Following last night’s rejection of the Prime Minister’s plan to fast-track his deal through parliament, there is really only one question: is Boris Johnson going to call for an election, or will he bring his deal back to parliament with a different timetable?
It all depends on the government’s underlying strategy. Do they want the achievement of passing a deal through parliament, even if that means going beyond 31 October? Or will they use last night’s defeat as an excuse to fight the “people versus parliament” election they have long been preparing for? Do they focus on getting Brexit done, or do they, ironically, call an election begging the country to let them get Brexit done?
It seems like the government doesn’t even know which it prefers. Boris Johnson and Jeremy Corbyn met this morning to discuss the possibility of a new timetable, and nothing was agreed. When the Labour chief whip, Nick Brown, offered to agree a new programme motion by the end of the day, Johnson’s most senior adviser, Dominic Cummings, is reported to have made it clear they are going for an election, while Johnson himself was more equivocal. Behind the scenes in Downing Street, there are huge divisions over the way forward: cabinet ministers like Julian Smith want to agree a new timetable and push forward with getting the deal through parliament, while Cummings and Vote Leave veterans think the time for an election is now.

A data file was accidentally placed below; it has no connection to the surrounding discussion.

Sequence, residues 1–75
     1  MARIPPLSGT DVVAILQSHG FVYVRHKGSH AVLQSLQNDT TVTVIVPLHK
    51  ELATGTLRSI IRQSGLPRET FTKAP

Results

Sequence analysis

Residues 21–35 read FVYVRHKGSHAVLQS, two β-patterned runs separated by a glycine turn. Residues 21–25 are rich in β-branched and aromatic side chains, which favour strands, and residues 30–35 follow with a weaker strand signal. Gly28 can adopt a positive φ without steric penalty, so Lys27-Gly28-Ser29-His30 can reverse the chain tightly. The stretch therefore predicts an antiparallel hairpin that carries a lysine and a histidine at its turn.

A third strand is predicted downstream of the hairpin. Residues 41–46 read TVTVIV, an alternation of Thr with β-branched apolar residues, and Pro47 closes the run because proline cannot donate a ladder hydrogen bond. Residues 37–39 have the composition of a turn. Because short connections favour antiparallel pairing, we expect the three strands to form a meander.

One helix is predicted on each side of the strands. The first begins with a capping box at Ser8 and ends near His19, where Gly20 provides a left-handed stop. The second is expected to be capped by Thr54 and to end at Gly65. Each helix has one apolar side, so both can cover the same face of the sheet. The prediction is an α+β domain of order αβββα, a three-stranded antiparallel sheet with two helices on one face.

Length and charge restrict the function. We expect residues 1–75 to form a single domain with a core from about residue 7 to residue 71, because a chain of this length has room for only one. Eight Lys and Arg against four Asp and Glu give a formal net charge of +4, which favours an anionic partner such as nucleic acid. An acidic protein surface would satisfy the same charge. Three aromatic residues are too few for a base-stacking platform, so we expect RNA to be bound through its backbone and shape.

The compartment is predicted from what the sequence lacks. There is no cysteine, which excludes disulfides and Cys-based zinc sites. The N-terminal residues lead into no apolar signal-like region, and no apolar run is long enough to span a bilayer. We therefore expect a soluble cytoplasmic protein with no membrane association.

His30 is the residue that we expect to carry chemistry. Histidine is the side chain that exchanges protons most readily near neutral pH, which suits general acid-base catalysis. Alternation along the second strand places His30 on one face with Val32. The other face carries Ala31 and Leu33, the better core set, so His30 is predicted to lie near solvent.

It seems strange that Johnson would not keep trying to push the deal through parliament: his hands are not really tied at this point, and it seems like a gamble to try to play that card with the public, when many voters will be aware that he simply could have tabled a more reasonable timetable. Equally, the fact that the EU will most likely grant an extension doesn’t seem in itself to be enough of a basis to say he is being “thwarted”: even with the extension, he could continue to push his deal through parliament.
Why wouldn’t Boris Johnson wait to see if he will really be “thwarted”, either through the passing of amendments (like a Customs Union) that would make his deal unpalatable, or by a genuine defeat of his deal?
The answer may well be that the government already suspects that support for his deal will crumble under further scrutiny, and that it is in their favour to go for an election where the question is “Brexit? Yay or nay?”, rather than one where the specific kind of Brexit is under scrutiny.
Corbyn, meanwhile, is in the slightly absurd situation of offering to facilitate further debate of Johnson’s deal, less than 24 hours after whipping his MPs to vote down exactly that. It hasn’t been a popular move: it looks to the party’s Remainer base, and to eager critics like the Liberal Democrats, like Corbyn is throwing Johnson a lifeline. It seems, however, to have been an attempt by Corbyn to call exactly the bluff discussed above: a reminder to the public that when the EU inevitably grants the UK an extension, if Johnson does call for an election, he didn’t really have to.